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Mediterranean Journal of Infection, Microbes and Antimicrobials ; 10, 2021.
Article in English | EMBASE | ID: covidwho-1344487


Introduction: The effectivity of cloth masks is one of the major concerns during pandemic. In this study, the filtration ability of different cloth masks was compared. Materials and Methods: We examined the filtration ability of different cloth masks in "Touch Screen Aerosol Photometer"DOP3500 machine by testing 0,3-0,5 μm diameter standart "aerosol"particle at mask factory (MAKSAM) of Mechanical and Chemical Industry Company located in Ankara. In order to show the difference in filtration ability of the cloth maskes clearly, particule size was defined as 0,3-0,5 μm. Pure silk 100%, 80% silk + 20% polyester, 100% satin, 100% polyester, 100% cotton, 100% bamboo and 50% cotton + 50% polyester were compared. Cloth masks made from these materials were tested three times;before washing, after ten times washing and combined using with a medical mask. Results: N95/FFP-2 respirator was used as a "positive control"with a filtration ability of 99.7%. Measurable filtration ability of total particle counts was 18.2% of three layered medical mask. When we tested double medical mask, reduction of total particle counts reached to 31.6%. According to our result, we conclude that wearing double medical mask is more protective than wearing a single medical mask. Measureable reduction of total particle counts were different for all tested cloth masks. Cloth masks were tested second time after 10 times washing. Un-washed cloth mask made from 80% silk + 20% polyester was found to be protective, however after ten times washing particle counts of the same mask reduced markedly. Measurable reduction of total particle counts were also reduced after ten times washing of cloth masks made from 100% satin and 100% polyester. The most efficient cloth mask for blocking particules was 100% cotton after ten times washing. Conclusion: Our study offers evidence in favor of synthetic and polyester materials are not suitable for cloth masks since their filtration ability is reduced after multiple washing. Instead, use of cotton masks is more preventive than the others because of its increased filtration ability after washing. Combined wearing of medical mask and cloth mask together resulted in increased efficacy of filtration ability of both masks. We conclude that, wearing double mask is more effective than wearing a single mask when we consider the actual status of the pandemic with widespread distribution of mutant viruses and the high number of infected individuals in the public.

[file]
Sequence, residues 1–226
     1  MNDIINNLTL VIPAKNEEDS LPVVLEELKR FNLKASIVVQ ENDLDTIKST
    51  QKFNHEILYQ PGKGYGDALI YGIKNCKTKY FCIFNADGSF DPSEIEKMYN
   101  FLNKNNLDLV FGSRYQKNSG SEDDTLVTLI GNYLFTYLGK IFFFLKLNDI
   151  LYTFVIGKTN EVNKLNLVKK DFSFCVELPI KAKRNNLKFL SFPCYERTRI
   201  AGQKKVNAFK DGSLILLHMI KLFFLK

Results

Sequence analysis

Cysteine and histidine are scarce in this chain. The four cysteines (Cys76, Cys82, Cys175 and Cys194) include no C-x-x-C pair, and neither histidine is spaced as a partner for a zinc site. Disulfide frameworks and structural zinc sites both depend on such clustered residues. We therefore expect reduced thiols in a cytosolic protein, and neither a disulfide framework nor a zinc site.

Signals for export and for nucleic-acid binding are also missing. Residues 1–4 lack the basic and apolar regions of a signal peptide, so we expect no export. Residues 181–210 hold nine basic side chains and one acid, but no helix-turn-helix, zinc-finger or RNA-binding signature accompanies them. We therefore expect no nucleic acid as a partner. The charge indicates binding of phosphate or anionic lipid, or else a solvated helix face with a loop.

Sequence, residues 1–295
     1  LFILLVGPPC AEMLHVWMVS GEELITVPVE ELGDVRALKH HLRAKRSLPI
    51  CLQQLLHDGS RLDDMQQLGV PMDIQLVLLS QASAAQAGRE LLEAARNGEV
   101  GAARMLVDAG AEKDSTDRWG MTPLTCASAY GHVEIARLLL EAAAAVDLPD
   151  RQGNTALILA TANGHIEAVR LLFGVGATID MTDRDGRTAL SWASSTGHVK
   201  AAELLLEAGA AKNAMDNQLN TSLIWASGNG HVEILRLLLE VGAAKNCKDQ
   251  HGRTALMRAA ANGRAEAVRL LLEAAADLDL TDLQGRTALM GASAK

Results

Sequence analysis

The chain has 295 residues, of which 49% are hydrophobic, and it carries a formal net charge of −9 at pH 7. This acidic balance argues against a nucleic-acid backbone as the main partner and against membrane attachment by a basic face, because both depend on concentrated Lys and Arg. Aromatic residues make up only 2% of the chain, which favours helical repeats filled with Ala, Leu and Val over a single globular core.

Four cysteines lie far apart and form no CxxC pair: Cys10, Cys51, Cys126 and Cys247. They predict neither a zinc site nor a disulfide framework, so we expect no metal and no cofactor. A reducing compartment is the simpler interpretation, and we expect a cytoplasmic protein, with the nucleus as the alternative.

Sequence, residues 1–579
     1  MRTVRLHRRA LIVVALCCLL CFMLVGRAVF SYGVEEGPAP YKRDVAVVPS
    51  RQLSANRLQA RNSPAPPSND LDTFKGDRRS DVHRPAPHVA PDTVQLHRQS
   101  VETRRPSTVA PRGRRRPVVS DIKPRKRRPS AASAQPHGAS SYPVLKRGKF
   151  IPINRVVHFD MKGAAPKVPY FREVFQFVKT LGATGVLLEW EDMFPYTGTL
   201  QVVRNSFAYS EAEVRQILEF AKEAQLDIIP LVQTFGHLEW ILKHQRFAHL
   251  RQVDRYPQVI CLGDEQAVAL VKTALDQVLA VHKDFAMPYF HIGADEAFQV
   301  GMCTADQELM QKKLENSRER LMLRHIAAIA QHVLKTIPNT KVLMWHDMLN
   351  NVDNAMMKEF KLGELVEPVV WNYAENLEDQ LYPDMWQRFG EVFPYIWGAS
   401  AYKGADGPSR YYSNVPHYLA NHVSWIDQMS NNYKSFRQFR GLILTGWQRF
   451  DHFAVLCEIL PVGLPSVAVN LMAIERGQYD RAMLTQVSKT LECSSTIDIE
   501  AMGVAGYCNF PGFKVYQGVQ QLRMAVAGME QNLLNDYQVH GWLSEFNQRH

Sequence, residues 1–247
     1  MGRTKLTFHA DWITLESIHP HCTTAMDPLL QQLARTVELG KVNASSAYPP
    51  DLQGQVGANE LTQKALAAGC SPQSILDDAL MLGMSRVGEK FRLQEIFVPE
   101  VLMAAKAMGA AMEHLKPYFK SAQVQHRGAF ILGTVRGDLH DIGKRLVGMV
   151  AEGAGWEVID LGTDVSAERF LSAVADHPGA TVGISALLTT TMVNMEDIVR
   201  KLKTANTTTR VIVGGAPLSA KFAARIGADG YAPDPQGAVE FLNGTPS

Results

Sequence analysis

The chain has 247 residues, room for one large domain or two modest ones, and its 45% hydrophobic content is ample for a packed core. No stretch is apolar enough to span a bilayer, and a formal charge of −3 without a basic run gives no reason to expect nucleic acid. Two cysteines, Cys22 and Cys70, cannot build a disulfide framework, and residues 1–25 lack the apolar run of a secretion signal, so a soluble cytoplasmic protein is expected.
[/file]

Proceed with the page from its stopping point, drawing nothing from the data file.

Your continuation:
Gazi Medical Journal ; 32(2):213-218, 2021.
Article in English | Web of Science | ID: covidwho-1257156


Objective: The aim of the study is to compare the differences between COVID-19 pneumonia and other viral pneumonia (OVP) in terms of demographic, clinical and radiological features. Methods: This retrospective cohort study was conducted in Gazi University Hospital between 11 March and 24 May 2020. Patients, admitted to the hospital with suspected COVID-19 infection aged >18 years and those who had pneumonia on chest computed tomography (CT) scan were evaluated. SARS-CoV-2 RT-PCR and multiplex PCR, for other respiratory viruses, were performed. Patients with a positive SARS-CoV-2 PCR were included in "COVID-19 pneumonia" group and those who had a positive result for any other respiratory viruses and two consecutive negative results for SARS-CoV-2 were included in the "OVP" group. Two groups were compared in terms of clinical, laboratory and chest CT findings. Results: Of the 63 patients included in the study, 45 had COVID-19 pneumonia and 18 had OVP. Cough, nasal congestion, sputum production and leukocytosis were more common in the OVP group while leukopenia was more common in the COVID-19 pneumonia (p<0.05). The distribution pattern of parenchymal lesions on chest CT was more likely to be predominantly peripheral and posterior in COVID-19 pneumonia compared to OVP. Bilateral involvement was also more frequent in COVID-19 group compared to OVP (p<0.05). Conclusion: Distinguishing COVID-19 pneumonia from OVP with clinical and laboratory findings is difficult. Chest CT findings such as peripheral and posterior distribution of the parenchymal lesions and bilateral involvement may help to differentiate COVID-19 pneumonia from OVP.